Written by: Allan Nadler
This artistic and symbolic paucity notwithstanding, there are a few central symbols of Judaism whose display is almost ubiquitous in Jewish life. The best known of these is the Magen David, most commonly known in English as the Star of David, but more properly translated as the Shield of David. While its origins are to this day debated by historians and while it is almost certainly not the ancient icon that it purports to be, it has been, since the High Middle Ages, a very popular image that recalls the height of the Kingdom of David (c. 1000 B.C.E.) for whose restoration Jews pray on a daily basis. While its use on the front exterior wall, or on the roof, of synagogues has been common for almost two millennia, the adoption of this symbol for the flag of modern day State of Israel has made the Shield of David the most recognizable and universal symbol of Jews and Judaism in the modern era. The Star of David is also the most common symbol used on Jewish tombstones and other memorial tablets, where it is commonly engraved in the identical space occupied by the cross on Christian memorial stones.
Two other decorative symbols commonly found in Jewish houses of worship and are the seven-pronged Menorah, or candelabra, and an image of the tablets of law (i.e., the Ten Commandments) brought down by Moses from Mount Sinai. Many synagogues feature these above their exterior entrance and above the Holy Ark containing the Torah scrolls. Their shape alone conveys the memory of the unique moment of God's self-revelation to the Children of Israel on the Holy Mountain. Finally, the chart-of-arms of the Twelve Tribes of Ancient Israel is a common symbol found in Jewish institutions, although only rarely within the synagogue sanctuary. The recollection of these tribes has a similar effect, or at least intent, of upholding the Jews' collective anticipation of the ingathering of the lost exiles to the Land of Israel and the reconstitution of the glorious days of the Kingdom of David, during which time all twelve tribes, ten of whom were "lost" in the 8th century B.C.E., dwelled securely in the Holy Land.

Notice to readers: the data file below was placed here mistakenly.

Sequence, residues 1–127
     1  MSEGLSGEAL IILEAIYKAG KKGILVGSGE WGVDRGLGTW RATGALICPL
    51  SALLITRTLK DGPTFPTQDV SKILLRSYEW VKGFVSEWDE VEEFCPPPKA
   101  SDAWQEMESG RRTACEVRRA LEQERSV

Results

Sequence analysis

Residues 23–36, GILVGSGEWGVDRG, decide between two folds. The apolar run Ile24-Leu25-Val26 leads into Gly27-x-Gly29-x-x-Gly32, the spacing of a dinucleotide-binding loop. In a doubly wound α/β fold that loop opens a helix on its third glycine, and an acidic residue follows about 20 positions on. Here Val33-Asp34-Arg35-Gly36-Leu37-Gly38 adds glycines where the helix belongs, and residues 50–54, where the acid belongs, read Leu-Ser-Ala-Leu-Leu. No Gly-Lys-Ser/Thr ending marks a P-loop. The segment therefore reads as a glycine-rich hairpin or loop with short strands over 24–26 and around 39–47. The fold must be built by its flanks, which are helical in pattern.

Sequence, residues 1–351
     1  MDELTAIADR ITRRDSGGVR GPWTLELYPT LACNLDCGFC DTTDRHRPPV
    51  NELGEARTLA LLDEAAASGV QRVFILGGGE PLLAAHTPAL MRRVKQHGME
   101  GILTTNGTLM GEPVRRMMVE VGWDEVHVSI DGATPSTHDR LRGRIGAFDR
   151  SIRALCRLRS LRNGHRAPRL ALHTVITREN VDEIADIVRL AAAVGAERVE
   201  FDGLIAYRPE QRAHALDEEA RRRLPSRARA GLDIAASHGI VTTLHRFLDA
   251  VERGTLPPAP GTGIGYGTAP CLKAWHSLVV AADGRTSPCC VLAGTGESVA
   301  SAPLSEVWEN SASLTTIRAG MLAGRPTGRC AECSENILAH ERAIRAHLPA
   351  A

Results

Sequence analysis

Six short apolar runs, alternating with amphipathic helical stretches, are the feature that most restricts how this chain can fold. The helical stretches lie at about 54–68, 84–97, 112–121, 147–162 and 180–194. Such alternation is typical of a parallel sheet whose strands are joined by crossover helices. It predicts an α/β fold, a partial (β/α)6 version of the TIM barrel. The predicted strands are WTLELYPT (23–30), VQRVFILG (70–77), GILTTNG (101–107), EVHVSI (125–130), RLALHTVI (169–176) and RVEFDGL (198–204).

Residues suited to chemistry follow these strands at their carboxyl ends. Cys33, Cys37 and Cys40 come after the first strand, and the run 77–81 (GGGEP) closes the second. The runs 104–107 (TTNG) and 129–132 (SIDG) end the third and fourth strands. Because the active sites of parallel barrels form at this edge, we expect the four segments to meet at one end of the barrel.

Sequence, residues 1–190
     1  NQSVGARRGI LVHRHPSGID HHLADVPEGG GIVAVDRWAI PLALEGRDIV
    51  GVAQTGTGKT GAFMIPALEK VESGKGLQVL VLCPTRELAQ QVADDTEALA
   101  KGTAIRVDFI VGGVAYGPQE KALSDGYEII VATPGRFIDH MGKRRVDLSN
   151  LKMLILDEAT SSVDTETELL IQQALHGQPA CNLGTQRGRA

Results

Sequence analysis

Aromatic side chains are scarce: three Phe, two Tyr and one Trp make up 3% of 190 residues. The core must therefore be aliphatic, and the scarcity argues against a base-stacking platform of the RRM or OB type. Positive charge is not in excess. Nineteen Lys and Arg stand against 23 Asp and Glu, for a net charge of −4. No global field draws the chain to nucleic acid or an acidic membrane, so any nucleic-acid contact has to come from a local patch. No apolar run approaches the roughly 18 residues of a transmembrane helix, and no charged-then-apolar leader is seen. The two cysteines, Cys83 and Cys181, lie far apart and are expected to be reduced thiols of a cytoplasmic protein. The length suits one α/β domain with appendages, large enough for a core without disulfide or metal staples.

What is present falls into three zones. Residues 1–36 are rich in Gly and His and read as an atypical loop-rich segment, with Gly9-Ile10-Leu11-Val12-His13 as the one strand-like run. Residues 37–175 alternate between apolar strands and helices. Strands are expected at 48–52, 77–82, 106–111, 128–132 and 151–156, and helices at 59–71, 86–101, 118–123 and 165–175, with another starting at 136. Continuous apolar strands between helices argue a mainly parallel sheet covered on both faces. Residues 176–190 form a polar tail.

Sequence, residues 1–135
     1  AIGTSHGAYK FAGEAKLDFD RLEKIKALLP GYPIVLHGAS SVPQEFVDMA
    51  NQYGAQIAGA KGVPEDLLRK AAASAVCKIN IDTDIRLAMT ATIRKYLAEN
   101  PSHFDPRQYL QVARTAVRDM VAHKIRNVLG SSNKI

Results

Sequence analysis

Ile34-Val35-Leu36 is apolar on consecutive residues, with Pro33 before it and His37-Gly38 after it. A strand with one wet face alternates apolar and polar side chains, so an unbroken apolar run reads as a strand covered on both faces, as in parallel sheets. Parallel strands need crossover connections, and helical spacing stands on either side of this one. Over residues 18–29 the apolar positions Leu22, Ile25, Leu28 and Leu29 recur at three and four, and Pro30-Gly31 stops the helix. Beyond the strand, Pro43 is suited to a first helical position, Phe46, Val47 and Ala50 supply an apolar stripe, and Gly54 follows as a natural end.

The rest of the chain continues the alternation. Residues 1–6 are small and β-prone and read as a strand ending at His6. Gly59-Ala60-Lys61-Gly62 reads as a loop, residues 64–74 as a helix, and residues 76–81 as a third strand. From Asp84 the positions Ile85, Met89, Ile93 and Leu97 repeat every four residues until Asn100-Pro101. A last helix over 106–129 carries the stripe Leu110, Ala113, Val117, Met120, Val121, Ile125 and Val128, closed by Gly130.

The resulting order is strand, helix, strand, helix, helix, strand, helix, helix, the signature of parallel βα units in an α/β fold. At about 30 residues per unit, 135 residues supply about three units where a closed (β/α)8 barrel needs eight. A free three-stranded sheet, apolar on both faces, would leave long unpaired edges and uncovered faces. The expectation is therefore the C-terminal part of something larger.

1. How did Judaism's understanding of paganism shape its use of symbolism?
2. When Jewish people did create art, how was it manifested?
3. When did the Star of David first appear as a Jewish symbol?
4. What Jewish symbols are most often found in homes? What do they represent?